As a lifelong entrepreneur, I have heard advice -- both good and bad -- about how to manage my businesses. But the most important piece of counsel for an entrepreneur or small business owner is how to recognize when to ignore the advice you are being given. Here are the top five pieces of advice you should ignore:
1. "It is not worth the headache -- you should sell."
Things will get tough when you are a small business owner. You will be stressed, hate your job, and be at the end of your rope only to hear these words from others, sometimes even from friends and family. It's true that this is advice that stems from their general concern for your well being. The people who care about you simply want to see you happy and less stressed. Take their "advice" with a grain of salt, however, and re-evaluate the overall picture. At the end of the day, if you are still in love with your business, you will keep it alive through any means possible.
2. "Get a business plan."
Take a business class and this will likely be the first topic that comes up -- any business must start with a "plan," right? This tends to be a crucial part of what the company is and how its direction is defined over time. I, too, developed a plan for my first business and in the beginning, I updated it a couple of times. But soon, the plan itself took away time from managing my business and sat in the file cabinet, untouched. The document sat unedited for years as our business progressed.
I realized that I didn't need a piece of paper to tell me what the big picture for my small business was. What's important is understanding how you document your vision -- for some, it takes putting pen to paper and creating a hard-copy, living document to keep them on track. But it is not a necessary tool to keep your business alive or to start one. An idea is really the only thing you need to begin.
3. "Keep 100% ownership."
This is one of the biggest mistakes small businesses make, and I suppose this piece of advice stems from those who have seen business deals deteriorate between partners. One of the greatest concepts I learned in my Entrepreneurship class at the University of Michigan suggests the opposite: "Would you rather own 100% of a grape or 40% of a watermelon?" Never be afraid to ask for help -- if it's the right partnership for you, then it will actually take you to the next level.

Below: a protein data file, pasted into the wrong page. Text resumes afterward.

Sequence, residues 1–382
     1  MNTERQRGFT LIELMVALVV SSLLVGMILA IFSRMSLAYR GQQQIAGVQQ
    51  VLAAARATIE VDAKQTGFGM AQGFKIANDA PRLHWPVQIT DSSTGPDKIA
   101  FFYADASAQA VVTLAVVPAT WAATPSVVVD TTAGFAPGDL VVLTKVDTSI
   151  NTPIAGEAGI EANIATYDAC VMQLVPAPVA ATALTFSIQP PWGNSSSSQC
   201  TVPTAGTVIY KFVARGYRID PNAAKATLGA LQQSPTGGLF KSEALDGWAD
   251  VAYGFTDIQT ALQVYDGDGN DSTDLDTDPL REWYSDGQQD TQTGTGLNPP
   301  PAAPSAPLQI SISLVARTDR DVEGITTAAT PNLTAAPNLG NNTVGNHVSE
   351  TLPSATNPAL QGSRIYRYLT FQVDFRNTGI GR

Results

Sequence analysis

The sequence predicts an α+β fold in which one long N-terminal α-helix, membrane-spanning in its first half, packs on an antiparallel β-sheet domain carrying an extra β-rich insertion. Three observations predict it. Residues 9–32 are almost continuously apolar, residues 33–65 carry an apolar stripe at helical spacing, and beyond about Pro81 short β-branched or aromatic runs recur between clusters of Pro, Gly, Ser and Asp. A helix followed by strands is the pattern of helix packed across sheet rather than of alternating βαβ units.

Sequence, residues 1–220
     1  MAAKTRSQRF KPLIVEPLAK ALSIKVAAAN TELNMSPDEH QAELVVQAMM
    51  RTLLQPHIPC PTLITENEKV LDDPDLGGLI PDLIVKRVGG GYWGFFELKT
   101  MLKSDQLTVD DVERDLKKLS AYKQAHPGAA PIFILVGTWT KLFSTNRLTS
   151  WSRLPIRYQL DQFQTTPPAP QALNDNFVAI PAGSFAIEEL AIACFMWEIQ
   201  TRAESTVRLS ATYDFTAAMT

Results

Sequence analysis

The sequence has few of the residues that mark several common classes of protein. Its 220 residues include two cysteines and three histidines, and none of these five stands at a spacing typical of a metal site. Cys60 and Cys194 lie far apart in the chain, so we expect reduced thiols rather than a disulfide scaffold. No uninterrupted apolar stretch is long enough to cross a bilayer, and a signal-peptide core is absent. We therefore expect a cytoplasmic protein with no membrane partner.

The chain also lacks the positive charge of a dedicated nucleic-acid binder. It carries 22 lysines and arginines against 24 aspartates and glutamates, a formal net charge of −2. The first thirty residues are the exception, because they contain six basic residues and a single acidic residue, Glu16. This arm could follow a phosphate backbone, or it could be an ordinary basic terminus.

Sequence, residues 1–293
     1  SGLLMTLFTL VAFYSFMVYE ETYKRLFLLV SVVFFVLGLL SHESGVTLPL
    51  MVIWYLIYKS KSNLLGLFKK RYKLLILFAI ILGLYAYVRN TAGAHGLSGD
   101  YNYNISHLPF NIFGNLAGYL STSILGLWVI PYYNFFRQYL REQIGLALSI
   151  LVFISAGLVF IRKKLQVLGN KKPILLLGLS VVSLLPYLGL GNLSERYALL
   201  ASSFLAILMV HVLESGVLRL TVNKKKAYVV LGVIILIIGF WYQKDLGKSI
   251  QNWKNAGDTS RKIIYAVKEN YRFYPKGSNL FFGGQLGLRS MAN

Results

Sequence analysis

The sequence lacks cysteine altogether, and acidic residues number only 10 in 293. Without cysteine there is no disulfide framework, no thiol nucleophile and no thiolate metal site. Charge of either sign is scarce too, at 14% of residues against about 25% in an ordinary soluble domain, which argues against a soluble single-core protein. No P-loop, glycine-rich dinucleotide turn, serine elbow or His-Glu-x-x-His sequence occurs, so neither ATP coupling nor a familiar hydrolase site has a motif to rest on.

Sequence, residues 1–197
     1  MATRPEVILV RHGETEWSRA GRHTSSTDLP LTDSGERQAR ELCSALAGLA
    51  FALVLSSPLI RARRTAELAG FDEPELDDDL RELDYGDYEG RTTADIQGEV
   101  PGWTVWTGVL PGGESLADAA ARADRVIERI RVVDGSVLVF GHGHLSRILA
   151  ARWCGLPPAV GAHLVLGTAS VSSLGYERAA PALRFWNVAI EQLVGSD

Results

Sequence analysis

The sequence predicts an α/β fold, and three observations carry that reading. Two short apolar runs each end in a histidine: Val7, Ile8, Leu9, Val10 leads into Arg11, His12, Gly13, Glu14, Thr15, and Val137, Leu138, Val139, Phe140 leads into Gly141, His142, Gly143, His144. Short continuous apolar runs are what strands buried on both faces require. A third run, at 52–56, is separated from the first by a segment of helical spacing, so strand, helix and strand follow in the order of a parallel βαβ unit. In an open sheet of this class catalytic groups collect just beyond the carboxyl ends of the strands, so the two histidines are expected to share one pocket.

4. "You need to set a rigid budget."
This is somewhat true. Of course, you should have a budget of some sort, but keep in mind that a budget should be tailored specifically to you and your business. Being a small business owner means managing your expenses: both planned and unexpected. When your business is running smoothly, it's easier to stick with a firmly established budget. As a new business owner, you're likely more worried about growth than whether you went over the repair budget by $200. Of course you'd repair your equipment if you're over budget -- you will do anything and pay any expense to keep your dream alive if you can, and sometimes, even if you can't.
5. "You need to market and grow."
Marketing and growth are often thought of as necessary parts of a successful business, and it makes sense--in order for companies to drive business and revenue, they need to market and grow their products. But both marketing and growth are determined by what you, as an owner, would like to do. In my experience, word of mouth, not paid marketing, slowly started to push business in my direction.
It's important to think about growth from multiple perspectives. Growth, when considered in the conventional sense, should be fairly flexible. For instance, being picky with new clientele can never be a bad thing, even if it means slower growth. One good customer is worth 100 bad ones. Do not be too eager to expand before you have some structure in place for handling the growth. Operating within your means will make your business that much more successful.
Overall, the most important piece of advice you should listen to is your own. Only you and your partners truly know the goals, means, and situations of your small business. After the equipment from my landscaping company was stolen, only my unfailing perseverance and a little luck helped me stick with it and continue building the firm into a successful local business, despite some "advice" to move on from it. Business setbacks can be financially and emotionally trying, but if you're truly passionate about making your business work, you'll be able to conquer those setbacks.
Paul Proctor is co-founder of Locqus, a free, online platform and mobile app that provides small businesses with a big company experience through streamlined, easy-to-use tracking and management services.
Follow Paul Proctor on Twitter: www.twitter.com/Locqus